January 14, 2014 by Rick Diana
I am very big on written recommendations and testimonials. Notes of praise contain various uses. For instance, you might direct a note to a person who outperforms on her job. Or one might want to get in touch with an old manager acknowledging true mentorship or a career of achievement. A brief note of congratulations or a simple THANK YOU never hurt anyone. There’s still something to be said about documenting praise—email, handwritten on personal stationery, a telegram (did I just write that?), or on a social media site. A private acknowledgment to someone 1:1 can be just as powerful as a public act of gratitude. Even more impactful is rewarding an over achiever by notifying that person’s superior. When all is said and done, praising someone never gets old, for the Recipient or the Giver. It helps when you have the facts and make it concise. Be aware that your credits must be sincere. The act of praise becomes transforming when you’re not seeking anything in return and when the person least expects it. If possible, make it a surprise.
In LinkedIn jargon, the “praise section” of someone’s profile has withered away from a custom and personal “Recommendation” to those practically useless “Endorsements for Skills and Expertise”. When I played high school football, I indeed loved the reward of a “paw” decal (we were the Cougars) to be proudly placed on my helmet. On the college gridiron, I always think of the Ohio State Buckeyes and the buckeye leaves glittering those helmets we see on TV. It was never in the acceptance of that paw that got my juices flowing. Rather it was that 10-15 second anecdote Coach shared with the team explaining exactly why I was so deserving of that tiny paw. Don’t get me wrong, I am thankful for those endorsements (and I dole them out as equally as I get them). They do look cool like the Buckeyes helmets and it is social media at its best. Far be it from me to be the party pooper. I do go along for the ride but, let’s face it, this is not a thought-provoking exercise. I believe writing a 3-5 descriptive sentence on behalf of a deserving citizen is much more effective and enduring.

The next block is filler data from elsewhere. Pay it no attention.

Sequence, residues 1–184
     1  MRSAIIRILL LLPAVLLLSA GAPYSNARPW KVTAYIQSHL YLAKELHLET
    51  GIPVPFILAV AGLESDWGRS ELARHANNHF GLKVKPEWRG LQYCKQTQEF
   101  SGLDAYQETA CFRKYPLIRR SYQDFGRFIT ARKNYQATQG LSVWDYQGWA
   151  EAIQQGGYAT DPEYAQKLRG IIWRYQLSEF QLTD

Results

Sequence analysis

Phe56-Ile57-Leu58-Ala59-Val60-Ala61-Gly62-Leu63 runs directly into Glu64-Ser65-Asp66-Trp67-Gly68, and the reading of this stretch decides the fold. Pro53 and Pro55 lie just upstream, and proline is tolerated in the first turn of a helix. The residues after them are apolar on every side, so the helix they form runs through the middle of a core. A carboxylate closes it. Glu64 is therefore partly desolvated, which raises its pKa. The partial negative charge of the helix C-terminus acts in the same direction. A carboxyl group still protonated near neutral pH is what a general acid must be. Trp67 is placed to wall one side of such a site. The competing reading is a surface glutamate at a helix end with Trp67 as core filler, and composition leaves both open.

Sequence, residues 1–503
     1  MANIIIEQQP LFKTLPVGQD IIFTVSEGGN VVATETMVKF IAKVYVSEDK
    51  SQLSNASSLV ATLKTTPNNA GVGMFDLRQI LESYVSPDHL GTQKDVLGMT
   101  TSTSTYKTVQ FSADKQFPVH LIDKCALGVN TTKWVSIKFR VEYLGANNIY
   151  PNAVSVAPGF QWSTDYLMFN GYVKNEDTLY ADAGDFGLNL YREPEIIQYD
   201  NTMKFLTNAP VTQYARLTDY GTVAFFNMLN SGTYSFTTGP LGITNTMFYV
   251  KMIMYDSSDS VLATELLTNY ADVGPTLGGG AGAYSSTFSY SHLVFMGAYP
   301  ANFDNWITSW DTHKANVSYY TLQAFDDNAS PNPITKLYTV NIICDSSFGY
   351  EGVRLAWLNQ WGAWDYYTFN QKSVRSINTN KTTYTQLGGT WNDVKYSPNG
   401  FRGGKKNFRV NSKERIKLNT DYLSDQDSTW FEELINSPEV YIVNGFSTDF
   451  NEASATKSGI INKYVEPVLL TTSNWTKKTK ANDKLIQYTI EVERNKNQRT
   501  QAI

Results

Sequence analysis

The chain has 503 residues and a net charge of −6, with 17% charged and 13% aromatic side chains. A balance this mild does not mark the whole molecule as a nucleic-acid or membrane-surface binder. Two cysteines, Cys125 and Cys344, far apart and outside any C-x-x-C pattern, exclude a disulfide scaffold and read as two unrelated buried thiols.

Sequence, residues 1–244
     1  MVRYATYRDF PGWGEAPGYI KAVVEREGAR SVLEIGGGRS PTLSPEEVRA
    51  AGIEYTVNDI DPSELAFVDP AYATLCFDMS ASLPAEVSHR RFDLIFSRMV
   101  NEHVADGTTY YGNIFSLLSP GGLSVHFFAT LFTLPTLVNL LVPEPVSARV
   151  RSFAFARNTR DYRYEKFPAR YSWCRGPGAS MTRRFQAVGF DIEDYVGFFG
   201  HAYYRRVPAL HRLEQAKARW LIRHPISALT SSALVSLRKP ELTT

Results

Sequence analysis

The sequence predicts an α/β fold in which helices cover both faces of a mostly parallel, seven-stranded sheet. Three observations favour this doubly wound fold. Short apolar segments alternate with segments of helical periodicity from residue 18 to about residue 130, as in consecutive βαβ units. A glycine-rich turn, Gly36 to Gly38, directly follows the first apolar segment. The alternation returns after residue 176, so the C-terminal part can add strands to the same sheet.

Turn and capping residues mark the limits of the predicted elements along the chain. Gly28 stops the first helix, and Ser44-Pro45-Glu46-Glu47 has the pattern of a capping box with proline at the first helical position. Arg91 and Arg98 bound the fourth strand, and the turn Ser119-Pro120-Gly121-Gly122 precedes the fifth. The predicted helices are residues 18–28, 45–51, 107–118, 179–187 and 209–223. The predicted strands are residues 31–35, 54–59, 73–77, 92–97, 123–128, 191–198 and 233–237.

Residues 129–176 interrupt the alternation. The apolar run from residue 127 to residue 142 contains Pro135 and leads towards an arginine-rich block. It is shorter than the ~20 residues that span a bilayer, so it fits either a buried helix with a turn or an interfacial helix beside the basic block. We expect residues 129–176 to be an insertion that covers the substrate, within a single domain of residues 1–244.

I totally enjoy writing recommendations for others. From a selfish perspective, it keeps my writing skills (outside of emails) sharp and intact. And we blame our children for not writing (well) enough?
Praising another human being, in writing, is an extremely gratifying act. You’ll see just how fast people accept them and post them on their page.